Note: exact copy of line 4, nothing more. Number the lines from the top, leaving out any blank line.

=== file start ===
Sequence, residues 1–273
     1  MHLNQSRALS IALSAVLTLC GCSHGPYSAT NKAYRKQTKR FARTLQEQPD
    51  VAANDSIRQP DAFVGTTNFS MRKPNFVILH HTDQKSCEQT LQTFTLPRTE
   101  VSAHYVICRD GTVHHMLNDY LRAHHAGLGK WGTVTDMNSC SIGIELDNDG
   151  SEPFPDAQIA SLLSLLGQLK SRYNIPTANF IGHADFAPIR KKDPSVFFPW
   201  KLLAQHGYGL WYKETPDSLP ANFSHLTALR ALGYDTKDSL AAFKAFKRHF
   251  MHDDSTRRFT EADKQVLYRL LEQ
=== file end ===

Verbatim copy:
   101  VSAHYVICRD GTVHHMLNDY LRAHHAGLGK WGTVTDMNSC SIGIELDNDG